Pullman Gallery

Crocodile Gladstone bag, circa 1890

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Reference: 6551

A majestic and extraordinarily large wide-mouth Gladstone bag, dating from the late 19th Century and made from the hide of a saltwater crocodile (Crocodylus porosus). The bag featuring the spines of the animal to all four sides, has hand-stitched reinforced corners and edges, original handles and over-straps, and thick sliding polished brass latches, studs and a central lock. The interior is fully lined with heavy, printed silk with stitched inner pockets. The saltwater crocodile is the largest living reptile, and can grow to 7 metres in length. Commonly found in Eastern India, they are known to be particularly aggressive due to their incredibly territorial nature, and have become one of the world’s most formidable predators. English, circa 1890s.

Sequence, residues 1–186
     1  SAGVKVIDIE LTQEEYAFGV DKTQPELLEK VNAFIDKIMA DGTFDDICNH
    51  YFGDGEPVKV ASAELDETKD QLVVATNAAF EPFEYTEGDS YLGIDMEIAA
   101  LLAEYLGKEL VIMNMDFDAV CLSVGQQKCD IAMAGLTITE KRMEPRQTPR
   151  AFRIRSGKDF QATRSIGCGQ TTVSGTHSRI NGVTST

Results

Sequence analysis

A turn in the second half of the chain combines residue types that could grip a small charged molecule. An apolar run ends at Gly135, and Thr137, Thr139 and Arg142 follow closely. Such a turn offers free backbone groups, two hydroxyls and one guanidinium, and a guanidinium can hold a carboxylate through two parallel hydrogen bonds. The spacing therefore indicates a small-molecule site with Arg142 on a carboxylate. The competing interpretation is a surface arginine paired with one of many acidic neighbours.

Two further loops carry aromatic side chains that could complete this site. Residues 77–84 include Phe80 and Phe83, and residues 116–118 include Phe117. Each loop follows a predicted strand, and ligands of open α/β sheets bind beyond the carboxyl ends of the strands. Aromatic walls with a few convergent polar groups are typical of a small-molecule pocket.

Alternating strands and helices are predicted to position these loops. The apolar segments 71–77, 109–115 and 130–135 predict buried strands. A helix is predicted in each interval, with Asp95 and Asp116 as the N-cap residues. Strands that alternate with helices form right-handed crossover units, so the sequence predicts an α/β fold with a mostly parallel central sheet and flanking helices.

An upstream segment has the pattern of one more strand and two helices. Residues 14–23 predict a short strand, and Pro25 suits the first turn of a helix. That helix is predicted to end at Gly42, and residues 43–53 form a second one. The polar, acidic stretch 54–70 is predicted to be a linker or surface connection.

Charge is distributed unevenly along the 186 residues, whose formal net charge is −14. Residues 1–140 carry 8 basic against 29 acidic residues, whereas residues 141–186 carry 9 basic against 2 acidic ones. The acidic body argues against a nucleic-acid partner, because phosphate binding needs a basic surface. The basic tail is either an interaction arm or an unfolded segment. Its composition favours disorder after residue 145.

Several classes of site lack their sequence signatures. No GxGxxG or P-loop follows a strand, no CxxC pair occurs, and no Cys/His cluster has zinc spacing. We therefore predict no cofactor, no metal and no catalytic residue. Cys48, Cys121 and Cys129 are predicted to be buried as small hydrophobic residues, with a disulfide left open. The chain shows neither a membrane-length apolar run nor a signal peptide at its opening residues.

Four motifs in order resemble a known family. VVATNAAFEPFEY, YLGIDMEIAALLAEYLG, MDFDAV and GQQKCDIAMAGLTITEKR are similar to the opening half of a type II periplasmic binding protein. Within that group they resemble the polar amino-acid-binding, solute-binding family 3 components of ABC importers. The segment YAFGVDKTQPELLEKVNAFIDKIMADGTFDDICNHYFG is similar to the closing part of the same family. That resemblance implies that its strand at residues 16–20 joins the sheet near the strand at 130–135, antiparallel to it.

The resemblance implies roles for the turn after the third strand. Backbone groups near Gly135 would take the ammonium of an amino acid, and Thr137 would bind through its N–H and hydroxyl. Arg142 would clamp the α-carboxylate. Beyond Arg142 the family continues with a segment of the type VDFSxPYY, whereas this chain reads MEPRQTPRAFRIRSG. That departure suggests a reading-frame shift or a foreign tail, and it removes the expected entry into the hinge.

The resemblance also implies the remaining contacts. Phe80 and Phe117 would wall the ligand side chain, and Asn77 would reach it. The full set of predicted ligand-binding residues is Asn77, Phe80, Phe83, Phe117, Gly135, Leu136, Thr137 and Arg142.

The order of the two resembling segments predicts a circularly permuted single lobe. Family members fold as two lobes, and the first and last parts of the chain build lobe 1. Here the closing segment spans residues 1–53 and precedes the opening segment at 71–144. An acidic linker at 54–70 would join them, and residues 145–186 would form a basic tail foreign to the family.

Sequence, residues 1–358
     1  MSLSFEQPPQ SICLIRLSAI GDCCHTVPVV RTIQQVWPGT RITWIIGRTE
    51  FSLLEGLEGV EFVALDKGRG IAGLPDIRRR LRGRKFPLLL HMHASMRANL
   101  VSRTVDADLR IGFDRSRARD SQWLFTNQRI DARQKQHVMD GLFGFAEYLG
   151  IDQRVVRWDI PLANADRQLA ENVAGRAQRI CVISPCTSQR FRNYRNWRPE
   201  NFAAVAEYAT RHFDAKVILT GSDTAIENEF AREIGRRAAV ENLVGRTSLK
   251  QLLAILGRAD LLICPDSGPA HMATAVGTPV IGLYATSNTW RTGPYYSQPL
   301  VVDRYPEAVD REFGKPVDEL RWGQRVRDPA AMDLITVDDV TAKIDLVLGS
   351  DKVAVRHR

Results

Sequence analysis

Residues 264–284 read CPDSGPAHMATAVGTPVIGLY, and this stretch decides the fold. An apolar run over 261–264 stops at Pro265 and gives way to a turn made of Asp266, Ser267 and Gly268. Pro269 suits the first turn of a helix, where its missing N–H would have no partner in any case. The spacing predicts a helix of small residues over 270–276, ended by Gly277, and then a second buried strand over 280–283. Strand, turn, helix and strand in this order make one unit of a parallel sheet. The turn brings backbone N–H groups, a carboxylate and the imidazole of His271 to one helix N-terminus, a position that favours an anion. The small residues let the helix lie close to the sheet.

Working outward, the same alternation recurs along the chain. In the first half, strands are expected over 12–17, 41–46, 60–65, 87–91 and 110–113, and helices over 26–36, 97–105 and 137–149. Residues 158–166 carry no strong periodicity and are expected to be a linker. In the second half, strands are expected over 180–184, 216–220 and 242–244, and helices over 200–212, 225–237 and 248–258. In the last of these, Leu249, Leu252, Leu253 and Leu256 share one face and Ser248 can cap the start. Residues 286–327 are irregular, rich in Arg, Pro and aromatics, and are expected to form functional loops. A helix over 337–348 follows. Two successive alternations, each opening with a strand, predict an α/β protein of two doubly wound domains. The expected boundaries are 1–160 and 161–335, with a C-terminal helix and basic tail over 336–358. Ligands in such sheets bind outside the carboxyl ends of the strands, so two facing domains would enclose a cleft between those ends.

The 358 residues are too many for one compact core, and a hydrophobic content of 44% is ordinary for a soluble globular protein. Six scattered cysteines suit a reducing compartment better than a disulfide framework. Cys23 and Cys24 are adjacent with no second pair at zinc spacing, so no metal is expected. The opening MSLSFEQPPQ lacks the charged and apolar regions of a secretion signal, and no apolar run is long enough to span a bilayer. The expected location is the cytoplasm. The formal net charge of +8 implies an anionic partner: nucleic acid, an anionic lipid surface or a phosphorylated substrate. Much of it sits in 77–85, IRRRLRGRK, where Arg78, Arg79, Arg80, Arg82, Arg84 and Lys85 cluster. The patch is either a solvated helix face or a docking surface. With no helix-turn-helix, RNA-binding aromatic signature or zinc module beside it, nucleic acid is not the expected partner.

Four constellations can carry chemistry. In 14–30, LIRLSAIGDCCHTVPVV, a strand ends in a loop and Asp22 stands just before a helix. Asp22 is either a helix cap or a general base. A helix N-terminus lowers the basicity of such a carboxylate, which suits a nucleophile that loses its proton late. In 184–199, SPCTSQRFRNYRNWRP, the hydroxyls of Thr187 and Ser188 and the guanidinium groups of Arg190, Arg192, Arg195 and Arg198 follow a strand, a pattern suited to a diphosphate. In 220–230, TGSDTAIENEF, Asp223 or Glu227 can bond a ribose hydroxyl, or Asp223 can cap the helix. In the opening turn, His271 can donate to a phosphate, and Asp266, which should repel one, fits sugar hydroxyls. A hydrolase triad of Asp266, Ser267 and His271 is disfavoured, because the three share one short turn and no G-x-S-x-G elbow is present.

Length: 31 inches (80 cm)
Width: 15 inches (38 cm)
Height: 15 inches (38 cm)

The model of bag known as the ‘Gladstone’ was designed in the late 1800s by J. G. Beard from his leather establishment based in the City of Westminster, and was so named after William Ewart Gladstone (1809-1898) four-time Prime Minister of Great Britain, whom Beard greatly admired. We believe the history of this piece is that, by repute, the crocodile was shot by a British Army officer in India who brought the hide back when he returned home. It was then made into this bag for him by London’s Army and Navy Stores, and it has descended through the family.

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